PREPOSITIONS OF TIME
We use at with times: We use on with dates and days:
at 5 o’clock – at 11.45 – at midnight – at lunchtime on 12 March – on Friday(s) – on Friday morning(s)
Tom usually gets up at 7 o’clock. on Sunday afternoon(s) – on Saturday night(s)
on Christmas Day (but at Christmas)
We use at in these expressions:
at night – at Christmas – at the moment / at present – at the same time – at weekends – at the age of…
We use in for longer periods of time: We use during + noun to say when something happens:
in April – in 1986 – in winter – in the 19th century – in the 1970s – in the morning(s) / in the afternoon(s) / in the evening(s) during the film – during our holiday – during the night
In + period of time = a time in the future: I fell asleep during the film.
Jack will be back in a week. We met a lot of interesting people during our holiday.
The train will leave in a few minutes.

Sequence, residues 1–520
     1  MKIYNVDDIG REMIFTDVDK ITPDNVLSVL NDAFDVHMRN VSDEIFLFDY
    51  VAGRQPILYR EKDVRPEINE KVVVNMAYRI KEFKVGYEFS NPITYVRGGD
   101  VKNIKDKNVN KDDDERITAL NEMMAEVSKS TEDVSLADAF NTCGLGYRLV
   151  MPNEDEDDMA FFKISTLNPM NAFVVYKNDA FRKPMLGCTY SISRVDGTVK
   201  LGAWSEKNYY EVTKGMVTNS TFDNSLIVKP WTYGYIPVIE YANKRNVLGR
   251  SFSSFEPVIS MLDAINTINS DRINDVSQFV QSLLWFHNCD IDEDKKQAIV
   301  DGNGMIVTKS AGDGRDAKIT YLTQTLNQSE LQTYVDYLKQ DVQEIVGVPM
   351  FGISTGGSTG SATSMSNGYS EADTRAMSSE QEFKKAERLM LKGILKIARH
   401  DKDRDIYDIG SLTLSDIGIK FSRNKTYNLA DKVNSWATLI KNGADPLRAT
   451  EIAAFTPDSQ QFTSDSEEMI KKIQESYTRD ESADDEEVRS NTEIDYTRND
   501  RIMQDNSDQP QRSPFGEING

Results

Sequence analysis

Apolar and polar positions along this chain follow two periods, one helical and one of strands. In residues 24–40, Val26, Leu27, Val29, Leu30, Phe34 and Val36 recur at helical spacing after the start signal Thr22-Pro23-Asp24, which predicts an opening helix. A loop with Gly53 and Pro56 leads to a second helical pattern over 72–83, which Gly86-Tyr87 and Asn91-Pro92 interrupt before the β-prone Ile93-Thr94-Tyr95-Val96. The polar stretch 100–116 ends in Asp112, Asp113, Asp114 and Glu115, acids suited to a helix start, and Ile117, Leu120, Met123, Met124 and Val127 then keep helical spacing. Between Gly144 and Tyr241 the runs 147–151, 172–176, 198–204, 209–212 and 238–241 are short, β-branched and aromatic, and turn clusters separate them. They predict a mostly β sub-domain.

In + how long it takes to do something:
I learned to drive in four weeks.
We use for + a period of time: We use since + a period of time:
for six years – for two hours – for a week since April – since 1992 – since 8 o’ clock
I’ve lived in this house for six years. They have been watching TV for two hours.
It has been raining since one o’ clock. They’ve known each other since they were at school.
UNTIL FROM – TO
We use until/till to say how long a situation continues: We use from – to + beginning and end of a period:
Let’s wait until it stops raining. I stayed in bed until half past nine. Last evening we watched TV from 5 to 8 o’ clock.